Katia temkin
April 26, 2021
In The Mix

In Her Own Name

What's in a name? Plenty, as Coral Peña has discovered.

Whitney Friedlander

Coral Peña briefly considered using a stage name when she began her career.

She saw people she admired, like Oscar Isaac, getting parts where their race was either ambiguous or even white — even though they were of Hispanic descent. She wanted casting directors to "not look at my name, and immediately go, 'Oh, she's not right for it.'"

She not only kept her last name, she made sure to keep the tilde over the n.

"The more I thought about it, the more I thought I don't want any ambiguity," Peña says, because it would be "hurting my integrity and also hurting the way that I looked at myself." The accent mark also helps people pronounce her name correctly.

Peña has gotten attention for her talents as well as her heritage.

Audiences for the 2017 film The Post noticed that she held her own in a scene with Meryl Streep, and that hers was the only speaking role of color in the acclaimed film. She's also played a CIA analyst in NBC's The Enemy Within, a CTU agent in Fox's 24: Legacy and half of an interracial, same-sex couple in the 2020 teen romance movie Chemical Hearts. Plus she's the narrator for the current season of PBS's Antiques Roadshow.

And now, in the second season of Apple TV+'s space drama For All Mankind, she's taken over the part of Aleida Rosales. In season one, Olivia Trujillo played this child of an undocumented custodian at the Johnson Space Center. The second season jumps ahead 10 years to find Aleida a brilliant engineer who can't hold down a job and struggles with her immigration status.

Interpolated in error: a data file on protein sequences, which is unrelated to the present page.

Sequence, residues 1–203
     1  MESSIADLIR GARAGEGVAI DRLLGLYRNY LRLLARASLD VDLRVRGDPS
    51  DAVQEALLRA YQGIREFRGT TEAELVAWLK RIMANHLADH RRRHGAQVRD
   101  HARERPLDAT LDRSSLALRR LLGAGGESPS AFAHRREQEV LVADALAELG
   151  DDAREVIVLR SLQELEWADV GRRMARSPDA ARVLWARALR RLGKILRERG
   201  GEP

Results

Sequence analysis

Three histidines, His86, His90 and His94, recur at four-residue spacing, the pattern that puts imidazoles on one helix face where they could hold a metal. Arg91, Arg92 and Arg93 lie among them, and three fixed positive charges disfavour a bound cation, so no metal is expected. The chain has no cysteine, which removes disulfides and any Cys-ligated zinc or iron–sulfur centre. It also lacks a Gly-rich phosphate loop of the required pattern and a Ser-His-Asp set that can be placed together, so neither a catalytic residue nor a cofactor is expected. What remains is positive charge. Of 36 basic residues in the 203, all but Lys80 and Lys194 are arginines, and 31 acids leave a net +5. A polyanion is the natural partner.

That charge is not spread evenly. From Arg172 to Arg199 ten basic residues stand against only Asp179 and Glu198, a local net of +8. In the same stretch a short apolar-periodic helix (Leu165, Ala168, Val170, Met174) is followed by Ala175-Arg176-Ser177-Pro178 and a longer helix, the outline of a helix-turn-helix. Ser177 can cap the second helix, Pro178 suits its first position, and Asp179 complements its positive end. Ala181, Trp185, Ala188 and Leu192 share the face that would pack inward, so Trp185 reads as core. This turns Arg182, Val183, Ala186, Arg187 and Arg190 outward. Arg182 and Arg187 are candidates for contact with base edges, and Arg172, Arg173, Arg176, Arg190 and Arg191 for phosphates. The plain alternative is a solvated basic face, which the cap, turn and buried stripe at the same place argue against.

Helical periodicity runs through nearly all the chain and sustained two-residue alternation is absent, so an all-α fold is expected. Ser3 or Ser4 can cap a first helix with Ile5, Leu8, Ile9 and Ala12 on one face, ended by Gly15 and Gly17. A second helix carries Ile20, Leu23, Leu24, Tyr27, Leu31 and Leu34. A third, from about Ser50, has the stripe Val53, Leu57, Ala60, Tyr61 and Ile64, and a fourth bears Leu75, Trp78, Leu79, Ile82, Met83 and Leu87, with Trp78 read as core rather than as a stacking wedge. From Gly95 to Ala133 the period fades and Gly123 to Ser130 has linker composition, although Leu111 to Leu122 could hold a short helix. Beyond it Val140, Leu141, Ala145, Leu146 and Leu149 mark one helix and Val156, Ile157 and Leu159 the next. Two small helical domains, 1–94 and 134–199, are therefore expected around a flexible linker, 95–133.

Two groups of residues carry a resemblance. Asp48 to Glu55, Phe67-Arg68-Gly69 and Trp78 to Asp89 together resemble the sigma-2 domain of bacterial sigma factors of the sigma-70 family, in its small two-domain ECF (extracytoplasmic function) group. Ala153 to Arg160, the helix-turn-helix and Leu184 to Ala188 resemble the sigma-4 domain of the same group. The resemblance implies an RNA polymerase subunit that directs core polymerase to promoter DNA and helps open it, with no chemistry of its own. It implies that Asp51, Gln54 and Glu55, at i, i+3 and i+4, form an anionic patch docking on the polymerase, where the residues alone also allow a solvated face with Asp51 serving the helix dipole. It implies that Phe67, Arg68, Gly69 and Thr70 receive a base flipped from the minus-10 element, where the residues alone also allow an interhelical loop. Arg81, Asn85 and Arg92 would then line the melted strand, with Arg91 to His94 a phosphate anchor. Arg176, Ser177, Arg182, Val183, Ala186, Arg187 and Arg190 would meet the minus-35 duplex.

Raised in Harlem by a single mother, Peña is Dominican and came to the U.S. on a green card before becoming a citizen as an adult. She says cocreator–executive producer Ronald D. Moore and others stressed to her how collaborative they wanted the character's development to be. They are "excited about what Aleida represents," she adds, "in terms of this country and in terms of what they're trying to say with the show."

She's been looking to use her public platform to help others. At press time, her social media profiles linked to a Google document she'd created, a list of Black trans people who need financial support. The header says: "Do more than donate, read their stories."

Peña has seen proof that words matter, but, she says, "I've pulled back on being as vocal on social media because I want to hold myself accountable to making those words become actions."

This article originally appeared in emmy magazine, Issue No. 3, 2021.

For more stories celebrating Hispanic Heritage Month, click HERE.

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